What about when he’s invited to a meal out, or when people offer him food he’d rather not have? Chuck isn’t one to stress out about food, and tries to avoid making other people feel bad. For example, if offered, he’ll have a bite of a sugary pastry, but probably won’t finish it. “I can eat anything,” he says, “but I’m not really going for it.” Ultimately, he’s happiest eating simple, whole foods—something he is thankful for.
Not getting too stressed about life is a key element of healthy living for Chuck, second only to nutrition. This didn’t always come the most naturally. Chuck describes himself as a born thinker. On the farm as a child, he had a drive to understand everything that was going on: what was growing, how it was growing, and where it would go. But as life went on, he gradually became more relaxed. Chuck attributes it to a combination of seeing things differently and letting go of ego, achievement, and wanting.
In a culture that so often mixes health with anxiety, ego, competition, and desire, Chuck’s emphasis on letting go of stressors is a refreshing reminder. “Eating, living, working… One thing you really have to do is stress less.”
De-stressing isn’t something that happens just through thinking about it, though. Key to any stress-relief plan is exercise. For Chuck, that comes with his beloved hobby of tennis. It started when he watched Pete Sampras win the U.S. Open in 2002.
Chuck was so inspired that as a 31-year-old who’d never played tennis in his life, he picked up a racket, went to his local tennis court, and started hitting a ball off the wall. One day, another Korean guy approached him and invited Chuck to join his group. Chuck explained that he was totally new and didn’t even know how to swing the racket properly, but the other player assured him that they would teach him. Ever since then, Chuck has played with that New Jersey tennis club. His animation is palpable when talking about how fun it is, and he’s now pleased to have a reputation as an excellent player and highly-sought opponent in his tennis community. Even here, his unique perception may play a part. In tennis, Chuck explains, being flexible helps a great deal to get to the ball. But he isn’t flexible: he shows me his attempt at touching his toes and his hands barely reach past his knees. Instead, he believes his ability to predict what his opponent will do and where the ball will go is what gives him the upper hand on the court.
These days, he still wakes up at six in the morning almost every day to play tennis before work. As of recent years, he’s also started teaching children tennis down over in Riverside Park. He didn’t expect to enjoy teaching at first, but soon realized that it was another form of helping people, not so different from helping people with physical ailments, and brought the same sort of satisfaction.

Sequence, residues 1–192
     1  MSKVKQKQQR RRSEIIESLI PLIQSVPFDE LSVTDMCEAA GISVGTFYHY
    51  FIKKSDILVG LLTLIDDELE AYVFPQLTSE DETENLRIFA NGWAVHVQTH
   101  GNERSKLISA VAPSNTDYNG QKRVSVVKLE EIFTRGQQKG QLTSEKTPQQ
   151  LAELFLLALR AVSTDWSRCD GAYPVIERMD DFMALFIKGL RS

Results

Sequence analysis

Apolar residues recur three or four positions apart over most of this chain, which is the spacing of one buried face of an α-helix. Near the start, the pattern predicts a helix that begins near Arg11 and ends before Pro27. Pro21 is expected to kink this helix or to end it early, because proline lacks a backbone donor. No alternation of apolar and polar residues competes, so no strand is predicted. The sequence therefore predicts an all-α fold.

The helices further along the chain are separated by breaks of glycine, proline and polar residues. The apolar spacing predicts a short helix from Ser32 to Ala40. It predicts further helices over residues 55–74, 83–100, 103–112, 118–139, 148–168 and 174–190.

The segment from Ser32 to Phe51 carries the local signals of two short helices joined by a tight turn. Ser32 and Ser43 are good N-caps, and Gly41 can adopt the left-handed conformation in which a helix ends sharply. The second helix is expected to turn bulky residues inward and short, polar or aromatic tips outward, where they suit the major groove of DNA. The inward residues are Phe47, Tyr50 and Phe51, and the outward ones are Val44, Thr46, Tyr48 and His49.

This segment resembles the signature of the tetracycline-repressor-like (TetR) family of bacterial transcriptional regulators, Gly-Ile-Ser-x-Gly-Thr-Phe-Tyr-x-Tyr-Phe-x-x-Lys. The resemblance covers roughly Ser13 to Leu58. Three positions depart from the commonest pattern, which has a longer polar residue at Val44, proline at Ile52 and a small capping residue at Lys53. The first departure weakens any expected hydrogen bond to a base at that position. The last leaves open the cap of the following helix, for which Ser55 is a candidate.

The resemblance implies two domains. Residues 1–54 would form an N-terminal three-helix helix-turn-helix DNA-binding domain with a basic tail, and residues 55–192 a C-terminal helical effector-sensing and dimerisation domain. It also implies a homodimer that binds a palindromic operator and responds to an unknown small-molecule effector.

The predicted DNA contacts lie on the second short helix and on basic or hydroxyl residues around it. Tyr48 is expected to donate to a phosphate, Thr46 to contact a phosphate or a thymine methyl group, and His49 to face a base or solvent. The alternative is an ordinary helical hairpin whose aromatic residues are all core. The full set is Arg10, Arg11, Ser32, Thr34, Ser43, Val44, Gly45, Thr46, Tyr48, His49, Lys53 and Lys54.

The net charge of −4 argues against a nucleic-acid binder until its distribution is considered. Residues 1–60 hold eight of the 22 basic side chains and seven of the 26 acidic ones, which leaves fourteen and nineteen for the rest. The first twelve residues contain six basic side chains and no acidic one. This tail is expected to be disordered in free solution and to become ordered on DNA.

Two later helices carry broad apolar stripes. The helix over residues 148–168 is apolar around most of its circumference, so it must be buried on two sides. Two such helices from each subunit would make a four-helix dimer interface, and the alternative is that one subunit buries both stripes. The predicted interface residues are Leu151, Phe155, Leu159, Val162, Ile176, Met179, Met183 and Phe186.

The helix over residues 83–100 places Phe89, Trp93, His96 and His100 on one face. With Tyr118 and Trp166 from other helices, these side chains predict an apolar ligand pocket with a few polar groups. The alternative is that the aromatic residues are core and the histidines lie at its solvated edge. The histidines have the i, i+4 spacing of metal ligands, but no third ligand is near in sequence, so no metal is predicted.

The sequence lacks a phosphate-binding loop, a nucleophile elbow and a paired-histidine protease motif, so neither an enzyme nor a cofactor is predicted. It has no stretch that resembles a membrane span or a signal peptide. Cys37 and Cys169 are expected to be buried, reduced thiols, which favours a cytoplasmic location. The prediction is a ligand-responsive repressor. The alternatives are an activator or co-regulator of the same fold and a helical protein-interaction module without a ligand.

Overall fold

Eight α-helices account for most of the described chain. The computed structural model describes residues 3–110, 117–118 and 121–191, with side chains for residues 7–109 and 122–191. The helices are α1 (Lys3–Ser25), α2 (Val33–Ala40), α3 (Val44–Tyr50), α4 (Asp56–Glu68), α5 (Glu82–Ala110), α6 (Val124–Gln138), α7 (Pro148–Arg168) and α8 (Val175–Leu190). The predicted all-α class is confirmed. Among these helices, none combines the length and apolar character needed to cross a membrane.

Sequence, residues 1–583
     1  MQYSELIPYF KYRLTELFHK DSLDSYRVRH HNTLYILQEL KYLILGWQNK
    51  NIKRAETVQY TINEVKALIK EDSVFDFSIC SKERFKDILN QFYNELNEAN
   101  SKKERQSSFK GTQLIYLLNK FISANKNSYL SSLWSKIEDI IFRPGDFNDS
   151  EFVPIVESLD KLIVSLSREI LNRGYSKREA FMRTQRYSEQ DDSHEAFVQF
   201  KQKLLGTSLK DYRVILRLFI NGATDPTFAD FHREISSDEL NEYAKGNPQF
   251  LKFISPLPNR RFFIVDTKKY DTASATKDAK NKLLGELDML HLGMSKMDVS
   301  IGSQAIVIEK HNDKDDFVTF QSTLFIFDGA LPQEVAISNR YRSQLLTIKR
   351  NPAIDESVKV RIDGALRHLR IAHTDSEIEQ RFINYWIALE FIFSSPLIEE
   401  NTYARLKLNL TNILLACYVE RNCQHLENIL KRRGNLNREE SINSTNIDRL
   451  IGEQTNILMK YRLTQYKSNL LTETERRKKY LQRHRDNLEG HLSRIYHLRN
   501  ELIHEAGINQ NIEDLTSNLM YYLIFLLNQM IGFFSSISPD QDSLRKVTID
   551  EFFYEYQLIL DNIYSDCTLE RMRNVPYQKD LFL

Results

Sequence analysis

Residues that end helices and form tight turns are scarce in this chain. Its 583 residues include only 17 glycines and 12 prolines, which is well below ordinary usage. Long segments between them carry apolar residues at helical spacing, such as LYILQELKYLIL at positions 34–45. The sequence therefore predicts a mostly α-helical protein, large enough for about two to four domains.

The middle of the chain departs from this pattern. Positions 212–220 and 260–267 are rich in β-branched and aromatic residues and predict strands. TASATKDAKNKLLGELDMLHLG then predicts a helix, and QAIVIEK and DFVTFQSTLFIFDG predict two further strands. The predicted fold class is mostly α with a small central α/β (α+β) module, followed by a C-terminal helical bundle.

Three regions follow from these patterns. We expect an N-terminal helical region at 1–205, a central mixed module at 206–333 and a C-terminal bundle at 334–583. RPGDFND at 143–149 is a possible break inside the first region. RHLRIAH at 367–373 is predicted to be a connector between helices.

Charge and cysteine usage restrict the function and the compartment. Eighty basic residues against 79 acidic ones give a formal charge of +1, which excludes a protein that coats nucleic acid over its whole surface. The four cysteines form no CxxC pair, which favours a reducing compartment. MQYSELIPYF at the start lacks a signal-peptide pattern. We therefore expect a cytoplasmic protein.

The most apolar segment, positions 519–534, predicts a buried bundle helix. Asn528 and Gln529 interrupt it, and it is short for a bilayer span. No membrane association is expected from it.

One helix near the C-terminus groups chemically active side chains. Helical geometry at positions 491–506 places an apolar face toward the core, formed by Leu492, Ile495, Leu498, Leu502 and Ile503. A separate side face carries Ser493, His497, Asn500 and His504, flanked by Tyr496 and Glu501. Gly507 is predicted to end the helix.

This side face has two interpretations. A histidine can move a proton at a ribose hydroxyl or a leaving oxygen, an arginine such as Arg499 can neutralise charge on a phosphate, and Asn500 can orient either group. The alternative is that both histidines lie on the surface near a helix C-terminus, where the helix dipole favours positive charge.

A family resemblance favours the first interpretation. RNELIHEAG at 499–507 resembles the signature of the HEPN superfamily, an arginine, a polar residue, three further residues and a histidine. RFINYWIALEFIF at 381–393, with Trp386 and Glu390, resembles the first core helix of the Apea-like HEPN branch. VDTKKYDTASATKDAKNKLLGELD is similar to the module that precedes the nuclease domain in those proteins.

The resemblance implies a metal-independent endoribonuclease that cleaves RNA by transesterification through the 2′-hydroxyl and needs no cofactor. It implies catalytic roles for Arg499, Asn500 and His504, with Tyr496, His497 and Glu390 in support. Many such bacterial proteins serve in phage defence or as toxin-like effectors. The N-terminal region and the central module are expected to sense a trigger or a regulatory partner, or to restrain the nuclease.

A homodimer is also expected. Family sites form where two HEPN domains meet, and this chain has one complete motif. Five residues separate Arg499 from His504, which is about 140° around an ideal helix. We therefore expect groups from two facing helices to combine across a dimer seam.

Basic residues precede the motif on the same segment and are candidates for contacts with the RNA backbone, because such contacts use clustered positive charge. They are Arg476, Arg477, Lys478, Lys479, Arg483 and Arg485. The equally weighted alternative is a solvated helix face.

After work (and maybe tennis lessons), Chuck heads home across the river to New Jersey, where he’s lived ever since he moved to the States. Despite his decades long presence in Morningside Heights (“Everybody knows Chucky”), he calls a Bergen County suburb home. He loves his neighborhood, a quiet, tree-lined spot. The quiet is good for his health, he says. That’s why he also keeps his space clear of unnecessary electronic devices. The combination of a healthy diet, stress management, exercise, and whatever other tidbits of health advice we didn’t cover, has kept him in remarkable health. His vision is still 20/20, his hair is barely graying, and he can run as he pleases. There’s no chairs in the shop: we do the whole 90-minute interview standing.
I’m at the age of 56 and I still get up with a new body every morning.
Now that his daughter is off to college and things are winding down at the store, what’s next? First things first: he’s going to relax. He might do some traveling, or eventually move back to the countryside in South Korea. Maybe he’ll keep teaching tennis. But he doesn’t think too much about the future right now. One way or another, he’s sure he will keep helping people.
“Whenever I help people, without money, I feel great.”
I’d be remiss not to end this article with Chuck’s advice to you. I asked him what health advice he’d give to the whole world, and reader, here it is:
#1: “Eat whole food, please. Don’t try to eat manmade food. Try to eat whole food as much as you can, avoid man-made.”
#2 “There’s no such thing as a stress-free life. So what do you have to do? Manage the stress. You have to find a way out. You have to find it for yourself. Everyone has different stress relievers.”
That’s solid advice if I ever did hear some.
Much thanks to Chuck for taking the time to speak with me and being a wonderful interviewee. If you’re around the Upper West Side, I highly recommend stopping by to stock up on grains, beans, nuts, and dry fruits in bulk—bring your own bag, because why not?.